The Jan. 6 committee has subpoenaed nearly 100 witnesses. What does that mean?

A tool often wielded by the House Jan. 6 committee to gather evidence is the subpoena.

Since September 2021, the committee has subpoenaed nearly 100 people and organizations with knowledge of events that occurred on the day of the Jan. 6, 2021, attack on the U.S Capitol. A number of those summons were sent to people who refused to willingly supply knowledge upon request.

The committee, which for the past year has been investigating the attack, will begin hearings Thursday and report on its findings in the fall. Evidence gathered by those witnesses subpoenaed will be their report.

What is a subpoena? What should people do when they receive one? Here's what we know.

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What is a subpoena?

Formally known as a subpoena to testify, a subpoena is a written order compelling the recipient to give testimony on a particular subject, according to Cornell Law School. Witnesses are usually asked to testify before a court, but a subpoena can also apply to other settings, like a congressional inquiry.

The Jan. 6 committee has subpoenaed various persons and organizations of interest for documents, facts and other evidence pertinent to its investigation.

What happens if someone does not comply with a subpoena?

A person who fails to comply with a subpoena can be held in contempt as someone who disobeyed a court order.

Contempt of court can be classified as direct or indirect, and criminal or civil, according to Cornell Law. An act of contempt committed knowingly is considered direct, while any action falling outside of this category is indirect.

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The Supreme Court has held that the difference between criminal and civil contempt depends on the substance of the proceeding. If the purpose of contempt is to coerce the witness to comply with court orders, then contempt is considered civil. If the proceedings are designed to punish someone held in contempt for disobedience, then contempt is considered criminal.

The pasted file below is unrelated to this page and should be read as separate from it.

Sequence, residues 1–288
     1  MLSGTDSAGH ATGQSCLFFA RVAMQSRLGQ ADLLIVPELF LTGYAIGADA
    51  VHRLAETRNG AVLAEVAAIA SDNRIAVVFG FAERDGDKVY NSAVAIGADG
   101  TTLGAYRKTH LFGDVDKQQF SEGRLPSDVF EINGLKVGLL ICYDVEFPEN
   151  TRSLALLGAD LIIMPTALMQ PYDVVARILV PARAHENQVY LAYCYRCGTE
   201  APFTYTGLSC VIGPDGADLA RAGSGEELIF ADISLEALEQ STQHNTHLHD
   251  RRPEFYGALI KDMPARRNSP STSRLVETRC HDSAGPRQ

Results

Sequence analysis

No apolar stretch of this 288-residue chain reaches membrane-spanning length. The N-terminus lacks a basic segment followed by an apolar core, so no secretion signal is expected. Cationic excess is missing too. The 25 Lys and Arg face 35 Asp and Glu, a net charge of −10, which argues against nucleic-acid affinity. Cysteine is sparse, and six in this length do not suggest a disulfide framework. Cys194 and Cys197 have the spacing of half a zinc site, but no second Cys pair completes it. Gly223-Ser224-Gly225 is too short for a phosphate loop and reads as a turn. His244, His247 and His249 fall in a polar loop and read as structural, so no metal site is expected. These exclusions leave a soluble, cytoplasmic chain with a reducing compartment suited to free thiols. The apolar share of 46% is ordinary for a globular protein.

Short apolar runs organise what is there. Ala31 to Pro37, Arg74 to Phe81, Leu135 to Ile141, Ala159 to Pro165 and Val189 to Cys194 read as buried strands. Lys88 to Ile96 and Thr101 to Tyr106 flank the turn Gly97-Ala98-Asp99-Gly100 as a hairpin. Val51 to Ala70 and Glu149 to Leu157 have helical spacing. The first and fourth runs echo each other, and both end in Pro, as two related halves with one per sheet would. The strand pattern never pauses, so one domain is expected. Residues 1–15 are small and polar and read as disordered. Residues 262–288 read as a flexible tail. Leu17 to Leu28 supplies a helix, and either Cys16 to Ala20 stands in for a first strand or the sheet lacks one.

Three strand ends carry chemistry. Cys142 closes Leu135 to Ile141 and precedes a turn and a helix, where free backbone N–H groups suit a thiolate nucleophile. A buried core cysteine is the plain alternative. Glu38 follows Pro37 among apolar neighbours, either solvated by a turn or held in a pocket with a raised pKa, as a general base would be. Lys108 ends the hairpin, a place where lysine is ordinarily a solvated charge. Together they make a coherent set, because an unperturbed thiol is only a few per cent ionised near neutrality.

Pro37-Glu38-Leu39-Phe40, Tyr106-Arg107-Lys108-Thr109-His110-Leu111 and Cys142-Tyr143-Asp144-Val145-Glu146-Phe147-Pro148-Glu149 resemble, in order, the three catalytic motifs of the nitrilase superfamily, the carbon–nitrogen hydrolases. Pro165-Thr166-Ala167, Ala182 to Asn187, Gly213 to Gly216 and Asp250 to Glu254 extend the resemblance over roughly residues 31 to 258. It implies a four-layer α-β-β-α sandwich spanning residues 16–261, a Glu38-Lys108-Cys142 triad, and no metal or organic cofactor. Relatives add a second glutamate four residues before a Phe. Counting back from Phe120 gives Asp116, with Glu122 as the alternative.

In 2021, the Jan. 6 committee voted to hold Mark Meadows, chief of staff to former President Donald Trump, and Trump aide Steve Bannon, in criminal contempt for defying their subpoenas. In April, the House voted to find Peter Navarro, Trump's former trade adviser, and Dan Scavino, the former deputy chief of staff, in criminal contempt for the same charge.

Each offender was referred to the Justice Department for criminal charges. So far, only Bannon and Navarro have been indicted on contempt charges by the DOJ.

Is it possible to get out of a subpoena?

Someone who believes a subpoena was not issued legally may file a motion to quash the demand. The subject of the subpoena can refuse to comply until the court has made a decision on that motion.

In February, a judge rejected a motion by the former president to quash a subpoena that he received along with his son, Donald Trump Jr., and daughter, Ivanka, to testify in a civil fraud investigation into the Trump Organization's real estate holdings. New York State Judge Arthur F. Engoron ruled that Trump and his family must testify in the investigation led by New York Attorney General Letitia James.

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Reach out to Chelsey Cox on Twitter at @therealco.

This article originally appeared on USA TODAY: What does a subpoena from the Jan. 6 committee mean?